1 Answer | Add Yours
Ezra Pound’s poem “The Plunge” has been the subject of commentary by a number of analysts. Michael Alexander, for instance, in his book The Poetic Achievement of Ezra Pound, argues that the poem reflects Pound’s own eager yearning for new experiences (p. 79).
K. K. Ruthven, in A Guide to Ezra Pound’s Personae, also thinks the poem reflects an important aspect of Pound’s own life. He identifies the “this” of line 6 as the “London literary world,” and he identifies the “you” of line 9 as perhaps Dorothy Shakespear, Pound’s future wife. He suggests that lines 11-13 refer to winter in London, and he notes, concerning the passage beginning at line 16, that Pound waited until 1921 before taking advantage of the better weather of Paris (p. 197).
The poem itself begins with its own plunge in medias res (into the midst of things):
I would bathe myself in strangeness:
These comforts heaped upon me, smother me!
The word “bathe” implies total immersion, cleansing, a kind of baptism into “strangeness.” Ironically, familiar “comforts” seem stifling, almost life-threatening in the sense that they may kill the speaker’s spirit. While most people seek “comforts,” especially of the material sort, this speaker finds them smothering, and the fact that the first sentence of the poem ends with an exclamation marks already suggests the depth of this speaker’s passions.
The next line continues to emphasize a sense of the paradoxical. Just as the comforts were smothering, so now “the new” is associated with burning and scalding feelings in the speaker, but these feelings are associated not with pain but with intensity and deep desire. The water imagery of line 1 is counterpointed with the fire imagery of line 3. The key word “new” is doubly emphasized in lines 3-4, while the word “Places” in line 5 is strongly emphasized by its isolation and by yet another exclamation mark. This poem shows the Romantic side of Pound – the side that can create a speaker who seems full of passion and enthusiasm and who presents that speaker without irony or implied sarcasm.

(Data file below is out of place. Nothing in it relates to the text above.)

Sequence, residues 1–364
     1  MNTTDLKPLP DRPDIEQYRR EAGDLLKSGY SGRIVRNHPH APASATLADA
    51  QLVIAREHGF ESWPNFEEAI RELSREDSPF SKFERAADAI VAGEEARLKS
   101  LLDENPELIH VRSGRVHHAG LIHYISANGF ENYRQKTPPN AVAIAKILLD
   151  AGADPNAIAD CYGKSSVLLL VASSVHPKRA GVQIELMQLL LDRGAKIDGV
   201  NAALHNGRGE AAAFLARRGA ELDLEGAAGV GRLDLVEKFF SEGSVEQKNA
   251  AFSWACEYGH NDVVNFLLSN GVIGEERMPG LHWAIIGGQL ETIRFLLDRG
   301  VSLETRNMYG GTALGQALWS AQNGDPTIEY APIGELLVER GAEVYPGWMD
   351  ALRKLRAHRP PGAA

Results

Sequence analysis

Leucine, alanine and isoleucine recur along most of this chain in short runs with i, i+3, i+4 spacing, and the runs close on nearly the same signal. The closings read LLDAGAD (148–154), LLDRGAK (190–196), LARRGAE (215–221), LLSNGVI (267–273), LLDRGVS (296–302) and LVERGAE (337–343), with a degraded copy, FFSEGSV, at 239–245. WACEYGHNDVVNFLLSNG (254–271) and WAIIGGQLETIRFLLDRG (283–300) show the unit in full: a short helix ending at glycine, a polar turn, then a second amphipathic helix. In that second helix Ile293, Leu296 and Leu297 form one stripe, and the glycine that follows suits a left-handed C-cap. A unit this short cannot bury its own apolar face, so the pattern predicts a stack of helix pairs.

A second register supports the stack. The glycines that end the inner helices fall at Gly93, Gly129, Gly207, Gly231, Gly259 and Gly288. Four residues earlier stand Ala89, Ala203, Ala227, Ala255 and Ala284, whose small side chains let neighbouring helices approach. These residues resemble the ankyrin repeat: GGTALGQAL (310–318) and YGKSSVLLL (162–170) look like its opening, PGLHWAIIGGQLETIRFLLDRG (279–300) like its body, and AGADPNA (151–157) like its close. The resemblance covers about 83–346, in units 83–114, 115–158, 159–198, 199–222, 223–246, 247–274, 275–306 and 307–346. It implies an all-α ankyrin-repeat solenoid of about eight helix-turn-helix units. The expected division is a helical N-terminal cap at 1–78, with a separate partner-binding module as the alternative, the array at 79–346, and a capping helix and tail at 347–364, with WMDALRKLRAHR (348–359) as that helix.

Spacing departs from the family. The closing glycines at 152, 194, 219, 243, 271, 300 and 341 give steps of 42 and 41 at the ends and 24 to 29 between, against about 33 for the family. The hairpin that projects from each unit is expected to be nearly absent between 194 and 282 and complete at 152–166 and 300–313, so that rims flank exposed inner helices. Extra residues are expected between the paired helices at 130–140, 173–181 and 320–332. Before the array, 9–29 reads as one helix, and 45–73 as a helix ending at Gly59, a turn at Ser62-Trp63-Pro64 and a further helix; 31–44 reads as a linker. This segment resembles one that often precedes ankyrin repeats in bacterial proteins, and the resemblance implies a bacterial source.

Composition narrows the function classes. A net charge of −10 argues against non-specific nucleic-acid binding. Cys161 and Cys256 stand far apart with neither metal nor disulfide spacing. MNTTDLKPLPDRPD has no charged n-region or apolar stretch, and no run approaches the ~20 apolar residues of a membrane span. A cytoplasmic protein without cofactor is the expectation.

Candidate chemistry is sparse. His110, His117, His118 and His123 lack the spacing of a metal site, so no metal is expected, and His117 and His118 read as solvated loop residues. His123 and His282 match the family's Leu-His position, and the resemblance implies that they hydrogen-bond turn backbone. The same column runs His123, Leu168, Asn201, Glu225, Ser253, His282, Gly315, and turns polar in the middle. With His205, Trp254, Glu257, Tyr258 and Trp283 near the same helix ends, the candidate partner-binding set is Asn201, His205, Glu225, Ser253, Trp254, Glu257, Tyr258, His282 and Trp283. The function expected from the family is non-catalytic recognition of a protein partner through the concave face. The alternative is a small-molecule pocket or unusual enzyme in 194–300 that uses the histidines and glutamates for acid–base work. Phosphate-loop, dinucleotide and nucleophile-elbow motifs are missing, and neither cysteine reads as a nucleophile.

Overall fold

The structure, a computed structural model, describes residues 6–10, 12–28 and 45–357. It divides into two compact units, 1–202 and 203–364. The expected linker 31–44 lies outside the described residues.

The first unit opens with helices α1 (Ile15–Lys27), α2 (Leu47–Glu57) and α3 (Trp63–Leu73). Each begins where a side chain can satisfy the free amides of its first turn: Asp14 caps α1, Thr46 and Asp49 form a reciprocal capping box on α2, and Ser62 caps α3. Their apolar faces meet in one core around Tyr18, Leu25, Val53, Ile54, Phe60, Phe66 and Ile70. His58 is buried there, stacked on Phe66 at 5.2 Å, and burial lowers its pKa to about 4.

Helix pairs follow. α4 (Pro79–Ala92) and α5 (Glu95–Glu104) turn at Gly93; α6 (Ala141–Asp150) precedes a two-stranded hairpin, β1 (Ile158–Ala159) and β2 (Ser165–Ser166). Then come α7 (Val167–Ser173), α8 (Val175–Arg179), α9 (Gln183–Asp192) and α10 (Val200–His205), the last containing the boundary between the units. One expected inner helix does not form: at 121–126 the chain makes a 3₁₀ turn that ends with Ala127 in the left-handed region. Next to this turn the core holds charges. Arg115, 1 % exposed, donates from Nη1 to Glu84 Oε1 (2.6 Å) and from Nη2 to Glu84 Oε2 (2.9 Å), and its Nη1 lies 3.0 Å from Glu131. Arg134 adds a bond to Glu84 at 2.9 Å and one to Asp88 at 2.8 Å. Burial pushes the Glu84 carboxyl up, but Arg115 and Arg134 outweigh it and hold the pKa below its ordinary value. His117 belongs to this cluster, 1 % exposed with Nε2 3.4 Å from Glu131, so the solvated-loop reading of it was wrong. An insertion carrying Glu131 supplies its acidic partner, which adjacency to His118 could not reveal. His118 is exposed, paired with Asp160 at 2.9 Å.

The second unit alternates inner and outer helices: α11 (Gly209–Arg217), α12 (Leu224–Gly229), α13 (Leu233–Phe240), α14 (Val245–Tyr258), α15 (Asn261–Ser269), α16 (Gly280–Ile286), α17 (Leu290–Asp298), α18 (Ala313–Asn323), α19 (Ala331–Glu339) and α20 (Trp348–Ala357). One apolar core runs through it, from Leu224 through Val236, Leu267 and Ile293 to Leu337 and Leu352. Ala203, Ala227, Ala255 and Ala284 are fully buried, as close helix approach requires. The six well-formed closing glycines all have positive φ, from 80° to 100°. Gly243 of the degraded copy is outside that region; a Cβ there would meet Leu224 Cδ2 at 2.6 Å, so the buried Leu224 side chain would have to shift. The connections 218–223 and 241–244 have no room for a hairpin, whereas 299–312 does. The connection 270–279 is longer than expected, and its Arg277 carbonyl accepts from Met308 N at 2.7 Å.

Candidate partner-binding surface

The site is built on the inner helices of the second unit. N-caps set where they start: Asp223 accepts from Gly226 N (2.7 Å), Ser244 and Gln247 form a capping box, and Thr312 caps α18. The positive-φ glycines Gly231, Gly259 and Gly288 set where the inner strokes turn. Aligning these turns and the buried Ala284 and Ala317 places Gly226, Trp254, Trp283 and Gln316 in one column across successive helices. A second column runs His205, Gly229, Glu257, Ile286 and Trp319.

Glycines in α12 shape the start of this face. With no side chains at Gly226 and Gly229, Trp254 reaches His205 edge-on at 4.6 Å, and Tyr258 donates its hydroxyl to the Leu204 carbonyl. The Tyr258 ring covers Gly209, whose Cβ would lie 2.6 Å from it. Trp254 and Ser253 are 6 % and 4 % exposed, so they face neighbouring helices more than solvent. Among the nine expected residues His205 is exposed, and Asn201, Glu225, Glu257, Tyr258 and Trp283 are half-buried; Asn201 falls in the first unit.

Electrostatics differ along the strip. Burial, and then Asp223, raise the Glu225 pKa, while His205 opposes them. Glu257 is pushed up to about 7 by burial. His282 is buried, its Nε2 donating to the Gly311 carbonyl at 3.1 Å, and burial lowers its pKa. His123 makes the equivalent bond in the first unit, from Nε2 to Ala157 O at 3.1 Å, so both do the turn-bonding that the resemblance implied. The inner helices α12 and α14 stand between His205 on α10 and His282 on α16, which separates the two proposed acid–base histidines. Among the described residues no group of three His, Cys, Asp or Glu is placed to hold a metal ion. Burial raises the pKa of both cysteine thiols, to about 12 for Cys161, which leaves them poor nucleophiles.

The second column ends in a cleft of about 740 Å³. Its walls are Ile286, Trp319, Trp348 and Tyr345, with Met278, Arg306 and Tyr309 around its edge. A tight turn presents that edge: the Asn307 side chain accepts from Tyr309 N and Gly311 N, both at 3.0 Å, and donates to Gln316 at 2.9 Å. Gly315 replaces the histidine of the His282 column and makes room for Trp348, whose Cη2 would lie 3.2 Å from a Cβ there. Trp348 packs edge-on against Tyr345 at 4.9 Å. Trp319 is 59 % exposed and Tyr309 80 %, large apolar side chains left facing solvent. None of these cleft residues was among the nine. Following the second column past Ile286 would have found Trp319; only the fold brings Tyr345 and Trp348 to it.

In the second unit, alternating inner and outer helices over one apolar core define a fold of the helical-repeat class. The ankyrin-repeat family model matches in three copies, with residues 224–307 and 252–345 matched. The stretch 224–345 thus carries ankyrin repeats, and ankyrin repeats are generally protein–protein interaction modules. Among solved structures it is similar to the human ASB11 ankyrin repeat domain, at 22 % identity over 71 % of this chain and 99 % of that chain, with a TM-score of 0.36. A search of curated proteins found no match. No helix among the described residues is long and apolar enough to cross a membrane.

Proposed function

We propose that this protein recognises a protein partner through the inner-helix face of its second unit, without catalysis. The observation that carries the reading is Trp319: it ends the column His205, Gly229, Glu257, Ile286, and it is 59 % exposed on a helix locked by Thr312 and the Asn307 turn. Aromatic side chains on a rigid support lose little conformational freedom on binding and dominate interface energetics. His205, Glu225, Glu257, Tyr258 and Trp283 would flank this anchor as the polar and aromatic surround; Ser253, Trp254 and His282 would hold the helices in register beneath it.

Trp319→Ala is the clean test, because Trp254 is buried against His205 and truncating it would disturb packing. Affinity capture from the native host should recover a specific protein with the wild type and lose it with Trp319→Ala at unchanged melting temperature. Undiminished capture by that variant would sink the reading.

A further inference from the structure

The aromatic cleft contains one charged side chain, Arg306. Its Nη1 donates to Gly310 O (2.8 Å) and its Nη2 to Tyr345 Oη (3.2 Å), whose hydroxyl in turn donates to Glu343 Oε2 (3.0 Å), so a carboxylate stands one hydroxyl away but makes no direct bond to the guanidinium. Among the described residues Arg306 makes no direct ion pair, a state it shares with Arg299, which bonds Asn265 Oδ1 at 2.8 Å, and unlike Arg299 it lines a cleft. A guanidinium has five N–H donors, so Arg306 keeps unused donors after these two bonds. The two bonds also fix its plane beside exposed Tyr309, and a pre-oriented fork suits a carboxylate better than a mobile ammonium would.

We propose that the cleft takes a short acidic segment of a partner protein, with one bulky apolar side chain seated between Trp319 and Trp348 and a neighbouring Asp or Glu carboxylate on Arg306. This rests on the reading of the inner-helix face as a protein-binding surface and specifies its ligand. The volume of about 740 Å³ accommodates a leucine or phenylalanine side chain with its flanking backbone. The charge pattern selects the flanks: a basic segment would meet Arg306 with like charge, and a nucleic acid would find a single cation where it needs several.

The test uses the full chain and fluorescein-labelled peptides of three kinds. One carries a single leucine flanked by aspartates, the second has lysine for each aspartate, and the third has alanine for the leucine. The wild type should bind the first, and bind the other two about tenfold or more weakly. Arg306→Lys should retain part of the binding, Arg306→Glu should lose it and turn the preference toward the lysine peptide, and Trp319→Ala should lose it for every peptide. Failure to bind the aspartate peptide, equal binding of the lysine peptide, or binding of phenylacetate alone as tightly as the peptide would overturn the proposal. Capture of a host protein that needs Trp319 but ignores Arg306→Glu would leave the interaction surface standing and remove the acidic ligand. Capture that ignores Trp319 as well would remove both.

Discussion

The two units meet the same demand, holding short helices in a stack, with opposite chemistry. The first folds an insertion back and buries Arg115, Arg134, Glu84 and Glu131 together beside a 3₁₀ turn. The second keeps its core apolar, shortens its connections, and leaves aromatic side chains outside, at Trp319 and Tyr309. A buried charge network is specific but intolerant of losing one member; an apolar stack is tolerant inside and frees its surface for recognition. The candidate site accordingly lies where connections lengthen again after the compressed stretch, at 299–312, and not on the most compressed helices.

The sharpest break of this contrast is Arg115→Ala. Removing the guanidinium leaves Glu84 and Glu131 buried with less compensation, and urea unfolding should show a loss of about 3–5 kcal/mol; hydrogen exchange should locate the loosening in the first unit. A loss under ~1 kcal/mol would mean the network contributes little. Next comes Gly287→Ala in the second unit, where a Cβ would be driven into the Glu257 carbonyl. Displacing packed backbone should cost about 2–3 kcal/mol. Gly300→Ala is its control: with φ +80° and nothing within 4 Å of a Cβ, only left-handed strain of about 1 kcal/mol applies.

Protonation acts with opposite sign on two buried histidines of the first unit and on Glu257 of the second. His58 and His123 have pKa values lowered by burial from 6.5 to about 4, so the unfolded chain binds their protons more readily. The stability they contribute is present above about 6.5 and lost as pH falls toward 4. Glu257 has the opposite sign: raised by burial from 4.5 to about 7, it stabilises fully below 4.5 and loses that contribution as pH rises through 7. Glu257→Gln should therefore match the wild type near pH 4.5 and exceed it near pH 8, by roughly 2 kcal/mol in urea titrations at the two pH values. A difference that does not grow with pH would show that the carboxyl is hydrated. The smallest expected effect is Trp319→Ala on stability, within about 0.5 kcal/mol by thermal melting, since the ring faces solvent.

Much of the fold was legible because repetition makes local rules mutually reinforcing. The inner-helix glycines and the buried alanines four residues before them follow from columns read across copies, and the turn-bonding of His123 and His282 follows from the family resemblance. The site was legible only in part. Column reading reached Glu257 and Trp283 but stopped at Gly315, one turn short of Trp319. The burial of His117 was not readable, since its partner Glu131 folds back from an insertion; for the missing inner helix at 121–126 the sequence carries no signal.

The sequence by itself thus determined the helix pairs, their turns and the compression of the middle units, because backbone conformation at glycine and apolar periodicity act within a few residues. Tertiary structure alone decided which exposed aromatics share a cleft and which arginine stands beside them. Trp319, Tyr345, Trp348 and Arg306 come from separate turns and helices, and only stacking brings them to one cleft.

In the second stanza, the speaker addresses another person – an unnamed “you” – but that person, presumably a woman, is imagined mainly in relation to the speaker. Her sudden presence in the poem is stressed by the brevity of the line (9) in which she first appears (and also by the way that “you” echoes “new”). Lines 11-13 suggest that the speaker has grown to hate the life of large cities in particular, with their combinations of unattractive solidity (“walls . . . stones”) and lack of cleanness and clarity (“mire, mist, . . . fog”). (Note how “mire” contrasts with the opening image of being cleansed.)
The speaker claims that he loves and desires the “you” more, even, than newness, but he suggests that he cannot properly enjoy or appreciate her in their current environment. He wants her to flow over him like water (14), thus echoing the opening line, just as lines 17-18 remind us of the earlier references to intense fire. He wants a new life associated with the beauties of nature (16), and the poem ends with a characteristic paradox: he seeks appealingly “Alien people” (20) because he is now thoroughly alienated from his present life and present location. The freedom the speaker desires is symbolized by the free structure and rhythms and unregimented rhymes of the poem.
We’ve answered 330,413 questions. We can answer yours, too.Ask a question